Creating accessible teaching materials

All Schools at the University of St Andrews commit to making their modules accessible to all.

This page lists people, resources and training to help you with digital accessibility.

These should be referred to when designing new teaching material and when reviewing existing material. 


Digital Accessibility Adviser: Ros Walker



Checklist for module materials

When writing new material and reviewing existing components to courses be aware of these common issues:

  • Image captioning: All types of images either need to be flagged as 'decorative only’ or need to have a written caption that describes the content of the picture. This can be done in programs like PowerPoint before a PDF version is generated for upload into Moodle courses. Auto generators tend to work best on photos and poorly on data figures, but all captions need to be checked for accuracy.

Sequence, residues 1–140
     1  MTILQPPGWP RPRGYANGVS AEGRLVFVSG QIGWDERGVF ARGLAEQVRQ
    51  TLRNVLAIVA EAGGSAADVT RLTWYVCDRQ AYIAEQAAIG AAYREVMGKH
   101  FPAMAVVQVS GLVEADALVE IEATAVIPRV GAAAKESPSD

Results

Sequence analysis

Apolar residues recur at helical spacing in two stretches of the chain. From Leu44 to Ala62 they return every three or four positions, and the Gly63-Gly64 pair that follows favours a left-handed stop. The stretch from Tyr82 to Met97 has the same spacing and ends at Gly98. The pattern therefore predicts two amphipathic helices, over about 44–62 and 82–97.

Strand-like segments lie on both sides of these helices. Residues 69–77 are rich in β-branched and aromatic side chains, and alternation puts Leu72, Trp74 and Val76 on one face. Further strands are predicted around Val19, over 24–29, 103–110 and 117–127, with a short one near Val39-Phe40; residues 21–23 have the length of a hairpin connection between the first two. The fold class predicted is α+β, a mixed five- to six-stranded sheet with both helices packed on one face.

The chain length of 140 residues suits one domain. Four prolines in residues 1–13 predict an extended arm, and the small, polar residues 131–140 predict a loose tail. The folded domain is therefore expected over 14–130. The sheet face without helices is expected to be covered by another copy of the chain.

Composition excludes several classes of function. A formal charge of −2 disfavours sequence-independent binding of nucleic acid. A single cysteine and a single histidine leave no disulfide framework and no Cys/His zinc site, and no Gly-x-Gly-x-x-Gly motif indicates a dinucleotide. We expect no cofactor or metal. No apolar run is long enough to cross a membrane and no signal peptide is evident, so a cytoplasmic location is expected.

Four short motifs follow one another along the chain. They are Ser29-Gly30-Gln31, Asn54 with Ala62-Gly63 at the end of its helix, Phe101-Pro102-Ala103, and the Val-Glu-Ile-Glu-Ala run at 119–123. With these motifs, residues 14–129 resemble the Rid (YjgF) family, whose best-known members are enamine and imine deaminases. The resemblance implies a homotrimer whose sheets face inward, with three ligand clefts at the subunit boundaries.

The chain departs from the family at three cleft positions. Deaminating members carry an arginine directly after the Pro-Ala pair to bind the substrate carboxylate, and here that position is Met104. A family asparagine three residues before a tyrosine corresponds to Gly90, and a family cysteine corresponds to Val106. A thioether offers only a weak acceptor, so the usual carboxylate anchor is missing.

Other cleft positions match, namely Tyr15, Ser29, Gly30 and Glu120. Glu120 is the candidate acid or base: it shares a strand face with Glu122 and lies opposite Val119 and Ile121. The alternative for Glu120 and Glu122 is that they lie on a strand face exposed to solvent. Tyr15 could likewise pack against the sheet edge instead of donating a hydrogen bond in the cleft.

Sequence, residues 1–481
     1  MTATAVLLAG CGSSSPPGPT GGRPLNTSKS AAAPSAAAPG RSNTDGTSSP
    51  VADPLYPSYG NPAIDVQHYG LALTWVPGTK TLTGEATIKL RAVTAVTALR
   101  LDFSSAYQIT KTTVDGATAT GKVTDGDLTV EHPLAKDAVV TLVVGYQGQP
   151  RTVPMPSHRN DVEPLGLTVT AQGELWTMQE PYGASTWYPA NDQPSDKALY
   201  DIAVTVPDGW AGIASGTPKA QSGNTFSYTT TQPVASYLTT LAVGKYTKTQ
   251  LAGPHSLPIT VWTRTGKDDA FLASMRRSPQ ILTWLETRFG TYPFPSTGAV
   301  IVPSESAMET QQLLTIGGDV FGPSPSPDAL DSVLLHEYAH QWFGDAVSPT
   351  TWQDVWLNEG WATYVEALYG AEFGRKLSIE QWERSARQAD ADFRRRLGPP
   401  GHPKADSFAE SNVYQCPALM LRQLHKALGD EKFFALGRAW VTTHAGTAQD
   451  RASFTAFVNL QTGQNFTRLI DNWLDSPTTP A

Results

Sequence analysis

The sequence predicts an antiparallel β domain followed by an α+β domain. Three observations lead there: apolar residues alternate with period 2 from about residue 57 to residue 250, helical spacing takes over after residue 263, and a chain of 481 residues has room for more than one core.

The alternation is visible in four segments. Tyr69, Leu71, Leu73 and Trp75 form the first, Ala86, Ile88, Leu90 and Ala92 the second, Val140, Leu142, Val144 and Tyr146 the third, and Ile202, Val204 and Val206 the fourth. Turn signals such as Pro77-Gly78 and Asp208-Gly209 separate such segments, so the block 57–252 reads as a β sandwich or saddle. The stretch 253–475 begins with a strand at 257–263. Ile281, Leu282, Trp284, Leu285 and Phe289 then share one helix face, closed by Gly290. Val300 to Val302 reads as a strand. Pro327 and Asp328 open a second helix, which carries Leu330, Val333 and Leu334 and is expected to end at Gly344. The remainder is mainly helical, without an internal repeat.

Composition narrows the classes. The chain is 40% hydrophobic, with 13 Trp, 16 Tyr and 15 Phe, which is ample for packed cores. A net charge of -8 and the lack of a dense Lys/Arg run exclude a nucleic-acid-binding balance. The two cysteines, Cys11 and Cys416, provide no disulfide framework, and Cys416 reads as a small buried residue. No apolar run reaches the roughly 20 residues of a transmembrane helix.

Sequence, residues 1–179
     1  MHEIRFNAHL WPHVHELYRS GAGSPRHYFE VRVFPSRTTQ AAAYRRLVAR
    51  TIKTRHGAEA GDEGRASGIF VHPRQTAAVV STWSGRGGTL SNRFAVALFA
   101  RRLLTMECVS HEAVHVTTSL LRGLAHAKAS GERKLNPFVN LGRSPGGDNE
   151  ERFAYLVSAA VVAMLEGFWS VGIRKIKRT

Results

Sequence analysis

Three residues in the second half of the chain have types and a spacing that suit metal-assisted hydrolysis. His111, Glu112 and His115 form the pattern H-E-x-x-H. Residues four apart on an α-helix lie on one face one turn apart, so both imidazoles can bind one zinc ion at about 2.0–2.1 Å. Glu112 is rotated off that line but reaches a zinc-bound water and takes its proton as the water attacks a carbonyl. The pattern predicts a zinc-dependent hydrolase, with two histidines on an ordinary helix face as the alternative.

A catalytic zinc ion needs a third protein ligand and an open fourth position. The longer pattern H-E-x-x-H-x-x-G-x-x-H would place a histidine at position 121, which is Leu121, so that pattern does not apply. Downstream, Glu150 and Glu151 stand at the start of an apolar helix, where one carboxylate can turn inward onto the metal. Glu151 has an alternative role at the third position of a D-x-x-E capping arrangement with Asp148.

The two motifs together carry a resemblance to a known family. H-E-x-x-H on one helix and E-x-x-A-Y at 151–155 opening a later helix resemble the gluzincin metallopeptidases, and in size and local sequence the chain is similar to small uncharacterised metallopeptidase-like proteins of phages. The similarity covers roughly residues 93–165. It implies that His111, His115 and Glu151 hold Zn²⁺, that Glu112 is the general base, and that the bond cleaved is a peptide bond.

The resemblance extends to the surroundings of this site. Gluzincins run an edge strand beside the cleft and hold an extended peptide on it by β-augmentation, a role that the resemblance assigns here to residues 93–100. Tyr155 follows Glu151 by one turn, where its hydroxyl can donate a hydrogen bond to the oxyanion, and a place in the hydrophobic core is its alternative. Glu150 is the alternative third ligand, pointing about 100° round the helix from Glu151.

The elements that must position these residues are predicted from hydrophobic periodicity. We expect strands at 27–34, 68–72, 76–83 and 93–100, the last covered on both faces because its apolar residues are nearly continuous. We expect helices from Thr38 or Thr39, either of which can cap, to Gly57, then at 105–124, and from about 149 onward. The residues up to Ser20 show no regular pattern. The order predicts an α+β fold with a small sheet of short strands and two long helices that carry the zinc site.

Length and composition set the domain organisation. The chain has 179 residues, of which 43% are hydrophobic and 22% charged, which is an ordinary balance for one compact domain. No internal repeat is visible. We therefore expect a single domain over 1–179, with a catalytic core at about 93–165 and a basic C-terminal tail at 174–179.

• Contrast: If using coloured text or backgrounds there may not be enough contrast for broad accessibility. When possible, reduce purely decorative use of coloured text in taught materials.
  • Photographed text: Any documents containing photographed or scanned text cannot be read by digital accessibility aids. Try to replace any documents like this with proper digital copies or links to where the digital copy can be found.
  • Missing headings: If only visual differences in text are used to denote headings in a document, these cannot be picked up by digital accessibility aids. When possible select a native heading style in the program you are using to make sure headings are properly flagged in your document.
  • Check your accessibility scores on Moodle: All documents on Moodle have a colour-coded scale to the right of their title rating their digital accessibility. If you click on the scale an accessibility helper will open highlighting problems and advising how to fix them.